A Money Printing Machine That Generates $69.8 Mil A Day

image credit to dreamstime.com

In my last blog post, I talked about “The Power of Free Cash Flow”, the importance of having consistent and sustainable free cash flow for companies which would allow them to pay a dividend or buying back their own shares. Imagine if there is a company that could generate $68 MIL a day, do you think such company exist in world stock market ?

Yes! It's Berkshire Hathaway (BRK ) and it was sitting on a massive cash pile at the end of 2018 and the cash continues to increase quarter by quarter in billions of dollar.  BRK is sitting with a gigantic cash amount of USD 114 Billion as of 1st Quarter 2019.

For the past 3 years, Berkshire was able to generate Free Cash Flow of USD 25.5 Bil /year (on average) and this will translate to about USD 69.8 Million / Day.

Despite spending close to USD127.5 Billion on an acquisition of various companies since 2009, the cash pile continues to increase year by year.

I try to plot the cash ratio for BRK by using the data from its’ annual report.

** Sudden spike of cash ratio in 1985 was due to cash increased of close to USD900 Mil because of the buy-out of General Food by Philip Morris.

The Cash Ratio for Berkshire Hathaway (BRK) has increased to above >30% in recent years, a level never be seen prior to 2008/09 (GFC) where BRK’s cash ratio hit 40% at that time.

Some analysts argued that such huge cash pile has dragged the performance of BERK in recent years, but with the size of the amount they need to spend on any purchase, is hard for BRK to find the right company and also the valuation seems high for Warren’s standard as he likes to buy a company with a good bargain and high “margin of safety”.


Warren Buffett wants to make an ‘elephant-sized’ purchase but says ‘prices are sky-high’ < CNBC.com>

Warren Buffett says he wants to spend Berkshire Hathaway Inc.’s growing pile of cash on a giant acquisition, but he doesn’t see that happening anytime soon. 

“Prices are sky-high for businesses possessing decent long-term prospects,” Buffett wrote in his annual letter to investors, adding that will lead to buying more public stocks in 2019. “We continue, nevertheless, to hope for an elephant-sized acquisition.” 

Berkshire’s cash pile rose to $112 billion, showing how hard it’ been for Buffett to put money to work as fast as Berkshire accumulates it. The legendary investor made his name by consistently outpacing the broader market, but that’s become harder as Berkshire has grown. While the company’s book value has increased at almost twice the rate of the S&P during his career, it has actually trailed the index over the last decade. “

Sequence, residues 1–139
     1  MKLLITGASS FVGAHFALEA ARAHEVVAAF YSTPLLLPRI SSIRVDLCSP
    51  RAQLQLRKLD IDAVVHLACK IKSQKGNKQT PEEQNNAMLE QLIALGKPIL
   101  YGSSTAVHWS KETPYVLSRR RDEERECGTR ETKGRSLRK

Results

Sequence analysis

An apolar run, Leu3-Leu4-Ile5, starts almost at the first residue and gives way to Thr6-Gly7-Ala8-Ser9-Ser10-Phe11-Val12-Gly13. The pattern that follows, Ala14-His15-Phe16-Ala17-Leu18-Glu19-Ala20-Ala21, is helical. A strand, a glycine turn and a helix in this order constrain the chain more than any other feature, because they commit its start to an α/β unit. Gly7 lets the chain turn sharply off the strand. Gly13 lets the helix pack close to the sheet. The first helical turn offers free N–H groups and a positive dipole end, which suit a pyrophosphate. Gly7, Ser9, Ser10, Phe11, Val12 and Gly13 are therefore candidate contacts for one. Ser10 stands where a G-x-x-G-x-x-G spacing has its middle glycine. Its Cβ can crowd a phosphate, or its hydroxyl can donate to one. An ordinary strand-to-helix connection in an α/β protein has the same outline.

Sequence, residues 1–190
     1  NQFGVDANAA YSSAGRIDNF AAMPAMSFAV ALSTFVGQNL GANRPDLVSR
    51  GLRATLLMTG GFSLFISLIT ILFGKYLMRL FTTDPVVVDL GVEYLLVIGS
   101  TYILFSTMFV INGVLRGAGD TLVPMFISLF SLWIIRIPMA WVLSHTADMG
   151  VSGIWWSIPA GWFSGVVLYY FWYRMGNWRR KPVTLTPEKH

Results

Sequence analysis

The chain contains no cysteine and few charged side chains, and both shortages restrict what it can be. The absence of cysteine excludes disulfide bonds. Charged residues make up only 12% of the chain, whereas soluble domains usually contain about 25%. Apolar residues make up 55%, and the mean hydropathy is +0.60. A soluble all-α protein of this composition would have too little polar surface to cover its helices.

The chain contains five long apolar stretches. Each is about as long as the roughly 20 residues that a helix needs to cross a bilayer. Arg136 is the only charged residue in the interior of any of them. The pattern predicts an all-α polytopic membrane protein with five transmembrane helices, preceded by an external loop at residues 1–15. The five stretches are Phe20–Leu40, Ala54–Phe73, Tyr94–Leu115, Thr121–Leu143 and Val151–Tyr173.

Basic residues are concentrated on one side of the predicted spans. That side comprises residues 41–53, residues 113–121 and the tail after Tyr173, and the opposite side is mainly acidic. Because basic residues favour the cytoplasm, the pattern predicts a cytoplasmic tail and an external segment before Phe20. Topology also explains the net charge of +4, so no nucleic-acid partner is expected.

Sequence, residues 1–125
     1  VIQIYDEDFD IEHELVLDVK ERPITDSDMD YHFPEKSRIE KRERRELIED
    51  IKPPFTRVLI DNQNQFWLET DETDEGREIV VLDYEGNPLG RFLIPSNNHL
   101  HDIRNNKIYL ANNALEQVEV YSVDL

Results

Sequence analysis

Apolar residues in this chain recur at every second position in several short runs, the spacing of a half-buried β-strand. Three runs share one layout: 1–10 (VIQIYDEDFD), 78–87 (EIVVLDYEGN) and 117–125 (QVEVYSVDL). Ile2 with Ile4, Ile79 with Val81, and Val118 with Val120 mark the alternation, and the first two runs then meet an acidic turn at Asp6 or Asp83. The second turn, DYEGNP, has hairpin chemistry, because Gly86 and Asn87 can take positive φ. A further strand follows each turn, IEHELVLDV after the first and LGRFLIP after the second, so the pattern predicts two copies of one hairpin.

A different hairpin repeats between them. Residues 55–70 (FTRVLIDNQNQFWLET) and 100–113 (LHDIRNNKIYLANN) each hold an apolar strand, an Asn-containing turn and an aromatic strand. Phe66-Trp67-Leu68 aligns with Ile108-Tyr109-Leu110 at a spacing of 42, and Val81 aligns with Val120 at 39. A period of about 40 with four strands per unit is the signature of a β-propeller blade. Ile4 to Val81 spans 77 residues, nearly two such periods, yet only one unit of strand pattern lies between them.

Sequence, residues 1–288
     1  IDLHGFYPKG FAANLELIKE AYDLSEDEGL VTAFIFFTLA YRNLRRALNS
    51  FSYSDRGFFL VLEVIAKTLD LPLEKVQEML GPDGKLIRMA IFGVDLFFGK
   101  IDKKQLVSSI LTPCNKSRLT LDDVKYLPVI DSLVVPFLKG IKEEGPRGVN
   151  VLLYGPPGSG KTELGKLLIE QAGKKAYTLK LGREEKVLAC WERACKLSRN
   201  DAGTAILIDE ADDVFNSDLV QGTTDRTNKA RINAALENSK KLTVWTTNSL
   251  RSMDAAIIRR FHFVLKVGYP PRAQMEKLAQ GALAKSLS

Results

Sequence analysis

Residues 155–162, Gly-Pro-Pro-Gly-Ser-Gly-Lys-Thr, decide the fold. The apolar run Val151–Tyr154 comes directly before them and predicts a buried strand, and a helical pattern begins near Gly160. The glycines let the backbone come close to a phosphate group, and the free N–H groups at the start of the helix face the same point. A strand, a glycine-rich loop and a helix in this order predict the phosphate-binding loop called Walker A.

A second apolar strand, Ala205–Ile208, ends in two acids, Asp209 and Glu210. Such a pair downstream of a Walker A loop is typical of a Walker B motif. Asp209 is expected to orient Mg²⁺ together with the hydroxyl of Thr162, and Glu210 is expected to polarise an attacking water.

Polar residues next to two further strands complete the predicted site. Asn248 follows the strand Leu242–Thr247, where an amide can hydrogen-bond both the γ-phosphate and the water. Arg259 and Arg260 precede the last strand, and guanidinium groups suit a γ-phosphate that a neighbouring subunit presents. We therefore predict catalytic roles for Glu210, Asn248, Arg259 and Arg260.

image credit to Bloomberg.com

“The cash has been a drag on Berkshire’s ability to return more than the broader market. While the company’s book value has increased at almost twice the rate of the S&P 500 during his career, it has actually trailed the index over the last decade. Buffett said he’d be retiring the metric from his annual letter because it has lost relevance.

Warren Buffett has just about given up on beating the S&P 500 <marketwatch.com>

So the “share buy-back” is another option for BRK to make use of their cash to increase shareholder’s value.


“Berkshire Hathaway
 (BRK-A, BRK-B) does not pay a dividend because its chairman and CEOWarren Buffett, believes it is more beneficial to allocate the company's earnings in other ways. In particular, Buffett prefers to reinvest profits in things that allow his company to improve its efficiency, expand its reach, create new products and services as well as improve existing ones, and further separate itself from competitors. Buffett, like many business leaders, feels that investing back into his business provides more long-term value to shareholders than paying them directly because the company's financial success rewards shareholders with higher stock values. While the company does not pay a dividend, it does, however, have a prudent stock buyback policy that works to put cash directly into shareholders' pockets. “

Although to some analysts, Warren Buffett might have seen not effectively capitalize the huge cash pile BRK had in hand, hence resulted in BRK’s under-performing S&P 500 in the past decade, but guess who will be the “winner” when the crisis hit and eventually everything will be on “fire sales“ by that time. Also, it might not be easy for him to look for “elephant-sized “ kind of acquisition with a great bargain at this moment. Again, only time will tell who will be the real winner and who knows, being patient may reward Warren handsomely in the near future.

Remember what he said before:

image credit to pinterest.se

Ultimately, one will need to ask yourself,” Are those companies you have invested generating enough “free cash flow” to either pay you a decent dividend or arranging share buy-back to enhance total shareholder’s value?”


Quote of The Day :

“Stock market bubbles don’t grow out of thin air. They have a solid basis in reality, but reality as distorted by a misconception.” – George Soros


  1. Berkshire Hathaway (BRK ) is never for dividend lovers who won't loves it.

    1. Yes! indeed , is more on capital gain or total shareholders value through share buy-back.
      Cheers :D


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